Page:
Canada: REITs Cautioned On Disclosure Practices

OSC Publishes Results of Review on REIT Distribution Disclosure; Excess Distributions, Non-IFRS Metrics Among Key OSC Concerns

On January 26, 2015, the Ontario Securities Commission published OSC Staff Notice 51-724 – Report on Staff's Review of REIT Distributions Disclosure. The Report presented the findings of the OSC's recent review of the disclosure practices of 30 publicly-listed REITs, primarily in the area of distribution sustainability and accounting disclosure. As investors expect REITs to provide predictable and regular distributions, the OSC is concerned that REITs may not always be providing their investors with a complete picture of the stability and sustainability of distributions. Though Staff's review found the disclosure of the subject REITs to be generally satisfactory with respect to distributions, Staff did note that many REITs are falling short of the OSC's expectations for disclosure set out in National Policy 41-201 – Income Trusts and Other Indirect Offerings. In particular, Staff found that certain REITs were deficient in their disclosure of distributions paid in excess of cash generated by operating activities, and in their disclosure relating to the use of certain non-IFRS measures.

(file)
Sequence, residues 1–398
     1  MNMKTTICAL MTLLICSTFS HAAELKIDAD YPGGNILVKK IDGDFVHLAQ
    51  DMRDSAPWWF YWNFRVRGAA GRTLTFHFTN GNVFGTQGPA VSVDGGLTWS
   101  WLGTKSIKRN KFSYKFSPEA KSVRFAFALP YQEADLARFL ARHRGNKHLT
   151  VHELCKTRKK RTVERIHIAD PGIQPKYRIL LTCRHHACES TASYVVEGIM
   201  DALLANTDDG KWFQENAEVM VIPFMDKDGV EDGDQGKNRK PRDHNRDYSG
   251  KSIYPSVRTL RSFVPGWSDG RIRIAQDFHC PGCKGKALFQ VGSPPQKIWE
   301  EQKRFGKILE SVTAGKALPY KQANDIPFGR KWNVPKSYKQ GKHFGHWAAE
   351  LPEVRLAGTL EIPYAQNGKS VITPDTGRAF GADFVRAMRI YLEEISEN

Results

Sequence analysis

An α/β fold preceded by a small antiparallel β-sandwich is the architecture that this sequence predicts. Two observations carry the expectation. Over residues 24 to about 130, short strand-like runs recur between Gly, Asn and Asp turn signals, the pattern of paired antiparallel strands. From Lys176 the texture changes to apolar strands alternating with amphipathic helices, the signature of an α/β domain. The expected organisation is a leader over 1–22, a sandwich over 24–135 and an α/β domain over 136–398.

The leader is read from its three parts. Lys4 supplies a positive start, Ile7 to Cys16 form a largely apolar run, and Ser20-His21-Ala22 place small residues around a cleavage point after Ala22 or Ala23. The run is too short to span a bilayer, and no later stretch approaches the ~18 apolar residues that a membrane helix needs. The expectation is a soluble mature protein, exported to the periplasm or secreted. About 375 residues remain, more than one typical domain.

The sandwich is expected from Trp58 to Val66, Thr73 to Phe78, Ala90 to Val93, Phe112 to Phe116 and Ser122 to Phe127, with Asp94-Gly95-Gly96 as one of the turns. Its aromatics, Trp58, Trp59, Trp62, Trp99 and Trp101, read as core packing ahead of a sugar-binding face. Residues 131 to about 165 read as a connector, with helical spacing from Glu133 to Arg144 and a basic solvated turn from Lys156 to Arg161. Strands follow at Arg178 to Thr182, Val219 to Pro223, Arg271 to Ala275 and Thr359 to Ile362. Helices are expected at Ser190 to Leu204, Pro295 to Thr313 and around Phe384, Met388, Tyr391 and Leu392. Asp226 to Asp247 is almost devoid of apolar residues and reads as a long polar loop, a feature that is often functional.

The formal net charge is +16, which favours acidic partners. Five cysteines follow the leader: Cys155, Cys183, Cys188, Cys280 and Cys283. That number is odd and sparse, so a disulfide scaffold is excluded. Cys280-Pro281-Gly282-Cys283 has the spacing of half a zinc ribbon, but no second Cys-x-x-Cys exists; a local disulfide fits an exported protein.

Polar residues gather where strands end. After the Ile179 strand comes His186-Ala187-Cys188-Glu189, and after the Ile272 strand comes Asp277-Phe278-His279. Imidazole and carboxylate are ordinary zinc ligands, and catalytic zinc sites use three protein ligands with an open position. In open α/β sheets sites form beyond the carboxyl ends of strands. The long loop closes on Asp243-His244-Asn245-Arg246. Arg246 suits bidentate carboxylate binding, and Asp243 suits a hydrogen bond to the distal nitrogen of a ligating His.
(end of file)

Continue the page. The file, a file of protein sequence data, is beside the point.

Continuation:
Common Disclosure Deficiencies Relating to Distributions

The Report outlined several key concerns surrounding the payment of distributions by REITs in excess of their operating cash flow, a practice that Staff noted is relatively common, particularly among REITs in the process of adjusting to the impact of a recent financing, major acquisition, or contractual and/or seasonal fluctuations in operating income. Of the REITs surveyed, 33 percent had paid distributions in excess of cash flow from operations during the review period, and in turn, 70 percent of these had paid distributions equal to or in excess of 10 percent of available operational cash flow. Of the REITs surveyed, 13 percent had paid non-cash distributions (such as distributions paid pursuant to a distribution re-investment plan or DRIP) that, if paid in cash, would have been in excess of operational cash flow.

Additionally, the Report noted that, while the intent of NP 41-201 is to require REITs to report interest paid on long-term debt—typically a crucial REIT expenditure—as an operational expense, IFRS gives REITs the accounting choice to report this expense as a financing expense not required to be deducted from operational cash flow. For approximately 10 percent of the REITs surveyed, distributions would have exceeded cash flow from operations had these REITs elected to treat interest as an operating expense. Staff stressed that REITs whose cash distributions would exceed operating cash flow but for the accounting election should, nonetheless, provide the prescribed excess distribution disclosure pursuant to NP 41-201.

Return on Capital vs. Return of Capital

Staff also stressed that the impact of a REIT's decision to fund distributions from sources of cash other than operating activities, such as debt or other new financing, cash reserves or non-cash distributions, is not being adequately communicated to investors in many cases. Staff expressed a particular concern that paying distributions to unitholders in such circumstances, commonly referred to as a return of capital as opposed to a return on capital, can significantly alter a REIT's risk profile and should be appropriately disclosed.